Gov. Kathy Hochul delivered her first State of the State address to lawmakers and New Yorkers on Wednesday. Here are some of the ways her agenda can most directly impact residents.
Expanded voting laws
Hochul wants to reduce the voter registration deadline from 25 days to 10 days prior to Election Day. It's a move that does not require a change to the state's constitution, though voters rejected a ballot referendum earlier this year to do so, as well as expand absentee voting. She also is calling for expanded access to voting for college students: Legislation she will propose would require college campuses to have polling places.
New York has slowly moved to expand voting access laws in recent years, including the creation of two weeks of early voting, which took effect in 2019.
Make telehealth easier
Communicating with doctors or other health care professionals has increasingly moved to telehealth programs. But insurance coverage and reimbursement for those programs has been uneven in New York even as the COVID-19 pandemic has forced the change. And that is especially challenging in rural areas, where travel to a doctor or hospital can be far.
Hochul on Wednesday proposed making telehealth options more accessible with the goal of having private insurers be required to reimburse for telehealth at the same levels of traditional services in New York.
Nursing home improvements
Long-term care facilities and nursing homes in New York have come under scrutiny for their potential to be vulnerable during the COVID-19 pandemic. Former Gov. Andrew Cuomo's administration is being investigated for its counting of nursing home fatalities as well.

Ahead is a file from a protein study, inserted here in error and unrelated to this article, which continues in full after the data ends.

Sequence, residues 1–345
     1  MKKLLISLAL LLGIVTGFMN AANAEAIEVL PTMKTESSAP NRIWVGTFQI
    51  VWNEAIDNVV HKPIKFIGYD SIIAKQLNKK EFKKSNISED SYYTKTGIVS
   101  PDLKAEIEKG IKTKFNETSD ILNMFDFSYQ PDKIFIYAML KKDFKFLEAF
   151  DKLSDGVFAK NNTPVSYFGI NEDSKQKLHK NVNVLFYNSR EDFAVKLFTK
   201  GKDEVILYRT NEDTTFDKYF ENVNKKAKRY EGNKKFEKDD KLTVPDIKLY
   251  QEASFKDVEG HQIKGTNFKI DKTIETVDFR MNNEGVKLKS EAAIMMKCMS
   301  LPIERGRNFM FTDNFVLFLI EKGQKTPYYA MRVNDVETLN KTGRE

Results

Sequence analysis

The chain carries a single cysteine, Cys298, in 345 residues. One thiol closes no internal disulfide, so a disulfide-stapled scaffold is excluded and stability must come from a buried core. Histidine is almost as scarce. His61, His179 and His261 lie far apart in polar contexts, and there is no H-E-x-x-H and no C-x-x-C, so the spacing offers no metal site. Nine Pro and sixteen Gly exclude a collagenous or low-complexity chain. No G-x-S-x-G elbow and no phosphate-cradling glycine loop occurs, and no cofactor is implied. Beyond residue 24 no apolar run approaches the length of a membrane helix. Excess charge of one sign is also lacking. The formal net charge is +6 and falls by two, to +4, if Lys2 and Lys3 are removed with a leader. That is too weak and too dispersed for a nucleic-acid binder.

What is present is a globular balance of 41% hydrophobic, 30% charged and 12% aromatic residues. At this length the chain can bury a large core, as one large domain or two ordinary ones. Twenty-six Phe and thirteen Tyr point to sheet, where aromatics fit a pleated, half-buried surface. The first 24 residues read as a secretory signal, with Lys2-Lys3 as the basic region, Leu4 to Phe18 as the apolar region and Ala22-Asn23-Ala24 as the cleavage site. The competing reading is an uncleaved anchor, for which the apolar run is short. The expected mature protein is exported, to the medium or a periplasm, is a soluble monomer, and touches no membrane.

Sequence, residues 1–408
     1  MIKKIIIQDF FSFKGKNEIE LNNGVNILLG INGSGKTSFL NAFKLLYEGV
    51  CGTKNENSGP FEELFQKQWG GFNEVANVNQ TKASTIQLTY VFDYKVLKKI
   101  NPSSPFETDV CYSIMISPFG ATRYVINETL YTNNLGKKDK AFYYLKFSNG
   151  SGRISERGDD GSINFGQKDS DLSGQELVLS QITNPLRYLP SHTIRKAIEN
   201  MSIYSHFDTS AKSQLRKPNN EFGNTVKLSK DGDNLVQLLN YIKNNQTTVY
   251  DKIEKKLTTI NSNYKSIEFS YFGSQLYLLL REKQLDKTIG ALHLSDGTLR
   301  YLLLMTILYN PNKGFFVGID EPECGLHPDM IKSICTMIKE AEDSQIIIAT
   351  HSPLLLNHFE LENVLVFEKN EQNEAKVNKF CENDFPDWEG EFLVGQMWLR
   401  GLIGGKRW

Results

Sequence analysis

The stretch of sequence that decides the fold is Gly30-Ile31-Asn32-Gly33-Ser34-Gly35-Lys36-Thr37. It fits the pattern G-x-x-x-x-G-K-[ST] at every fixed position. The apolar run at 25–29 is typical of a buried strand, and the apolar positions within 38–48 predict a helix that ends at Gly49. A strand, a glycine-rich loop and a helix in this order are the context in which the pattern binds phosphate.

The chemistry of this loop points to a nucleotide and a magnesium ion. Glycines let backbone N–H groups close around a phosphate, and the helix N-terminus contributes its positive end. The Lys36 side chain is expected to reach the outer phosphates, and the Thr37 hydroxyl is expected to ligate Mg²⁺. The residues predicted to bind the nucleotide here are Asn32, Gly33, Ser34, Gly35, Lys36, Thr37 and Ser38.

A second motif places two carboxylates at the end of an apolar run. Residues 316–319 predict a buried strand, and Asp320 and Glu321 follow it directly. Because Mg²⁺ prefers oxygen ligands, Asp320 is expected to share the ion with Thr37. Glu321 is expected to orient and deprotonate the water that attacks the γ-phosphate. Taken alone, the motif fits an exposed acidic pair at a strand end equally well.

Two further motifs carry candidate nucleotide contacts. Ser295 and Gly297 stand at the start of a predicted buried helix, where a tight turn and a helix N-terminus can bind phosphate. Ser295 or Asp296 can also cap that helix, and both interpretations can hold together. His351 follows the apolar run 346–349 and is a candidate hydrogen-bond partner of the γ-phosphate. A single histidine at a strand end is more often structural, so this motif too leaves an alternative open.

Hochul wants the state to back alternatives for older New Yorkers who may prefer to age in place, but struggle to afford an independent living arrangement. Housing affordability would expanded as part of a broader plan for housing with an infusion of capital aid to create supportive housing units for older people.
Hochul wants to improve quality of care for people with dementia, as well as spend more to aid the development of alternative models to nursing homes in the state.
$1 billion for shifting to electric vehicles
One of the state's biggest long-term challenges will be to shift to cleaner and renewable sources of energy in the coming years as required by law. The move is meant to combat and curtail the effects of climate change, and it will have an impact on the kind of cars New Yorkers use to get to school and work.
Hochul wants $1 billion to be used to expand the infrastructure for electric vehicles and electrify school buses by 2035. New York state's eventual goal would be phase out gas-powered vehicles entirely, and the energy needed to do so will be a major lift to implement.
Criminal record sealing
Criminal justice reform advocates fell short on this measure last year: Sealing the criminal records for some felony and misdemeanor sentences. Known as the Clean Slate Act, Hochul wants to seal some felony records after seven years and misdemeanor records after three years following the completion of a sentence.
Supporters of the bill have contended the measure would help people gain jobs after their debt to society is repaid. But it's not clear if the governor's backing of the measure is enough to overcome hesitation in the Legislature.